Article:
Infantry Marines with 31st MEU drop in for fast-rope training

Base Info
Marines run toward an awaiting CH-53E Super Stallion helicopter Jan. 8 at Camp Hansen. The Marines took part in fast-rope training, where more than 100 Marines familiarized themselves with the essential technique. (U.S. Marine Corps photo by Cpl. Natalie M. Rostran/Released)
Marines run toward an awaiting CH-53E Super Stallion helicopter Jan. 8 at Camp Hansen. The Marines took part in fast-rope training, where more than 100 Marines familiarized themselves with the essential technique. (U.S. Marine Corps photo by Cpl. Natalie M. Rostran/Released)

Infantry Marines with 31st MEU drop in for fast-rope training

by: Lance Cpl. Natalie M. Rostran | .
Okinawa Marine Staff | .
published: January 11, 2014

CAMP HANSEN, Okinawa - Hearts racing, but with steady hands, the Marines grasped the rope that dangled from the helicopter hovering 30 feet in the air. Relying on their training, they took the plunge.

More than 100 Marines with 2nd Battalion, 5th Marine Regiment, executed helicopter rope suspension training with the support of CH-53E Super Stallion helicopters with Marine Heavy Helicopter Squadron 463 Jan. 8 on Camp Hansen.

The helicopters and crew with HMH-463, are currently assigned to Marine Medium Tiltrotor Squadron 265 (Reinforced), 31st Marine Expeditionary Unit, III Marine Expeditionary Force, under the unit deployment program.

The infantrymen of 2nd Bn., 5th Marines, are currently assigned to the 31st MEU, III MEF, under the UDP.

Helicopter rope suspension training is essential for infantry Marines, equipping them with the skill set needed for tactical insertion into areas without the need for the aircraft to touch down, according to Sgt. Gregory J. Dominguez, a machine gun section leader with the battalion.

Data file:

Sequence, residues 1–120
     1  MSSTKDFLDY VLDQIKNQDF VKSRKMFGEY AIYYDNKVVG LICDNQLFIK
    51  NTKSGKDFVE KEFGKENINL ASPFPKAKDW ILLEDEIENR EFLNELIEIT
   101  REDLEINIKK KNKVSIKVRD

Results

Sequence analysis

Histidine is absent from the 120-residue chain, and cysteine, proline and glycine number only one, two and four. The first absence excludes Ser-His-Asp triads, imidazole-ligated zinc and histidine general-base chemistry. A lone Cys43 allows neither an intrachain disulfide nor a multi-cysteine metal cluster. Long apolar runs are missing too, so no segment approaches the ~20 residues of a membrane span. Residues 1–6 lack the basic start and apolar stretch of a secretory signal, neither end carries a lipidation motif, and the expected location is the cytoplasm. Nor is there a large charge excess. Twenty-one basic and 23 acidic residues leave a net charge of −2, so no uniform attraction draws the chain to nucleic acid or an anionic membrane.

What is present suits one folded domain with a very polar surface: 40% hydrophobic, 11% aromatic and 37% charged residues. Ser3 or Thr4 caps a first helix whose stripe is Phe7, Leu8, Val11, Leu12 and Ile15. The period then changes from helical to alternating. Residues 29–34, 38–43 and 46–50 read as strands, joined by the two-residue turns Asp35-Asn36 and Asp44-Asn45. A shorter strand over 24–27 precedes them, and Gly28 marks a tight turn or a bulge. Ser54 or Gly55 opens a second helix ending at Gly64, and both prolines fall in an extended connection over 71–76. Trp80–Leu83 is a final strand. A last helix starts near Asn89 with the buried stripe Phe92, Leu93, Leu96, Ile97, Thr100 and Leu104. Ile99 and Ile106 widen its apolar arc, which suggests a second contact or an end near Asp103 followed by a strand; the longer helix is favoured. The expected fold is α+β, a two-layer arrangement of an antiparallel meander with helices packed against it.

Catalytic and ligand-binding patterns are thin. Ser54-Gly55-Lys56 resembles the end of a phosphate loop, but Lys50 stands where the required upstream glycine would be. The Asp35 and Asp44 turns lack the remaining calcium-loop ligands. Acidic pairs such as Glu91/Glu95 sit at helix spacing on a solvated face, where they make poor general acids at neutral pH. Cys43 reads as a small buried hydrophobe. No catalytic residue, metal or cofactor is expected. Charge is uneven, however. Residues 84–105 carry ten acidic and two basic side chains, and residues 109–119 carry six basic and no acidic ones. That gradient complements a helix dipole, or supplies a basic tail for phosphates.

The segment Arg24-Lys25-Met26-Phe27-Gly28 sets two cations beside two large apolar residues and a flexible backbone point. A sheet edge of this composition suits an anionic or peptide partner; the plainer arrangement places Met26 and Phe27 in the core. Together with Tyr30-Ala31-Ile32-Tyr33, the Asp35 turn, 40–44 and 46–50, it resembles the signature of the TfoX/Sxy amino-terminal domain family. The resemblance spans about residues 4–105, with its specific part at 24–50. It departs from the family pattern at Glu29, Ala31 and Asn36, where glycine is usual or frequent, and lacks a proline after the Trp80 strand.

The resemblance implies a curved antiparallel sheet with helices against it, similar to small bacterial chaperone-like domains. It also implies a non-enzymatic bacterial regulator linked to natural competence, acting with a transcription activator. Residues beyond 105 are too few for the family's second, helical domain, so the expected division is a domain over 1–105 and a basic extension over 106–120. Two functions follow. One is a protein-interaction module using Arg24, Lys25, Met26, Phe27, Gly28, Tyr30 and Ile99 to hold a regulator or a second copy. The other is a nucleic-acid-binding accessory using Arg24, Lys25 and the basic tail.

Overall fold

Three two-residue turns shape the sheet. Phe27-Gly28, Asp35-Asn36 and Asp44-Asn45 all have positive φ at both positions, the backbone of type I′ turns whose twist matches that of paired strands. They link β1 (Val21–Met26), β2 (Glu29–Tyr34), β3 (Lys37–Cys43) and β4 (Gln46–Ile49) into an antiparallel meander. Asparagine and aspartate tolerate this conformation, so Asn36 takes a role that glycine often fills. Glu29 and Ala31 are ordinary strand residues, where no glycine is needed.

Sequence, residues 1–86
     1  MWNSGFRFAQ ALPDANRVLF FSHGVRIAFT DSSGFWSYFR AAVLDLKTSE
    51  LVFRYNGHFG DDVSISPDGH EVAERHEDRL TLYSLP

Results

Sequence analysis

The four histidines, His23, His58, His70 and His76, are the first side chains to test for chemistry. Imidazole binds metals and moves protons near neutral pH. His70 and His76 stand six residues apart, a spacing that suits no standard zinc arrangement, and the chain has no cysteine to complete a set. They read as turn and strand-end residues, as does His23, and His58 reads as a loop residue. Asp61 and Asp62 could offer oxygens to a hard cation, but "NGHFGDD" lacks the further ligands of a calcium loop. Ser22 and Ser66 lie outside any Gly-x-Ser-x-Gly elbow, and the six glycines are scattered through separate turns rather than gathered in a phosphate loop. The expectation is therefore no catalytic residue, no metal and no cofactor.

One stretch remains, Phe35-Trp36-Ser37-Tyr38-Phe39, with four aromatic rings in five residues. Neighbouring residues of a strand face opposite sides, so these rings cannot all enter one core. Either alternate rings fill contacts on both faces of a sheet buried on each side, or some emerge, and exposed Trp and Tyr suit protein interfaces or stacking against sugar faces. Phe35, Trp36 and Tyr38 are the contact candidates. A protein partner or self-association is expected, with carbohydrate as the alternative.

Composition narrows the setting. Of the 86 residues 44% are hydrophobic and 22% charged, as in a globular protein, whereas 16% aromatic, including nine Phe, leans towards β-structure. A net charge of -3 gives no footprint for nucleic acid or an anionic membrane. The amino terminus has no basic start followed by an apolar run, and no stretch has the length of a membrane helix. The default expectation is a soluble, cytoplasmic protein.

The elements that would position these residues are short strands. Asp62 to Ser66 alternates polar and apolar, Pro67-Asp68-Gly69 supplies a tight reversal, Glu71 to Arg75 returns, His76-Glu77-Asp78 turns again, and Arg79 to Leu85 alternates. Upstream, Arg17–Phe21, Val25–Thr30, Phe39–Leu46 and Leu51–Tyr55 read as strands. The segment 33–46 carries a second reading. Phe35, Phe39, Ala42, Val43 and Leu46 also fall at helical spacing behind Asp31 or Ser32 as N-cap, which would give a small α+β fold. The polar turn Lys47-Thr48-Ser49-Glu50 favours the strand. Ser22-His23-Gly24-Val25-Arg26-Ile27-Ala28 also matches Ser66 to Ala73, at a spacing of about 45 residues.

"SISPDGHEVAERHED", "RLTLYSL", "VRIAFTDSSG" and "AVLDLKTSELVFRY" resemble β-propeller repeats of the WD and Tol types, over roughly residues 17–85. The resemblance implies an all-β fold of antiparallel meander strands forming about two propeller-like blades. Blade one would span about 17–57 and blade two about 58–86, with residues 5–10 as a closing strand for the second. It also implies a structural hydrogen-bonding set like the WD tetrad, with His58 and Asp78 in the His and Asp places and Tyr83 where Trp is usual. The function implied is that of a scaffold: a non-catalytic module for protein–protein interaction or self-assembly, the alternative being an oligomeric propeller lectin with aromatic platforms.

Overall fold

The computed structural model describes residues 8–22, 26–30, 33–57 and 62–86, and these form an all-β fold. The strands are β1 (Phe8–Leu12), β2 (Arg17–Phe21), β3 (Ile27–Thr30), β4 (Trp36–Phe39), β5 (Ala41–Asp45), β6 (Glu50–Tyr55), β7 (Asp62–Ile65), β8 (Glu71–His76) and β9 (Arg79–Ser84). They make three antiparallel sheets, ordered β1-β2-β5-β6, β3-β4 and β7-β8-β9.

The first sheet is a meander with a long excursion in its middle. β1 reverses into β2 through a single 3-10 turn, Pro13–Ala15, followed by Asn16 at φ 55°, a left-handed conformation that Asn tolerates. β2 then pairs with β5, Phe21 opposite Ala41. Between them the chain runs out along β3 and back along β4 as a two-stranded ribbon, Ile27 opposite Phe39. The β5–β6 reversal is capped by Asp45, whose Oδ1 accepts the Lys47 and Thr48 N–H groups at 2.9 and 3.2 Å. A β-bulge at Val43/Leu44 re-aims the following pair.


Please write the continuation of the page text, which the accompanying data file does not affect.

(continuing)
“We’re practicing fast-roping for insertion capabilities by (simulating) a raid objective, coming around the target, and fast-roping in by surprise,” said Dominguez. “It gives us a quick insertion on the ground. That way we can jump in, complete the task, and move into another position.”

For some of the Marines involved, the training marked the first use of the essential technique, according to 1st Lt. Thomas G. Scovel, an infantry officer with the battalion.

“It’s important for our Marines to gain familiarity with the aviation combat element while they’re with the MEU,” said Scovel. “For some of them, it’s their first time fast-roping while on Okinawa.”
This vital training is indispensable for infantry Marines to maintain mission readiness, according to Dominguez.

“It’s important for the Marines to be comfortable with their gear coming down (the rope),” said Dominguez. “In a hostile environment, they can’t be scared of coming down from the helicopter. They have to be focused.”

Supporting the Marines’ training also assisted the helicopter pilots with keeping their own skills sharp, according to Maj. Neil E. Oswald, a pilot with the squadron.

“Doing fast-roping requires us to keep a precision hover,” said Oswald. “Precision hovers are used for the rapid insertions, rappelling, (special purpose insertion/extraction) and fast-roping. We also use them for externals, where we hover over a load, either a Humvee or an artillery piece, and maintain a very precise hover as the (Marines on the ground) attach our hooks to the cargo.”

After gaining familiarity with the rope by executing the maneuver while wearing minimal equipment, the Marines then rappelled with a full pack and weapon.

The Marines need to be as comfortable as possible with the techniques because a crisis or contingency can arise at a moment’s notice in the Asia-Pacific region, according to Dominguez.

“It’s not hard, as long as you practice,” said Dominguez. “When you practice and you’re comfortable with all the equipment, your job, everything really becomes second nature.”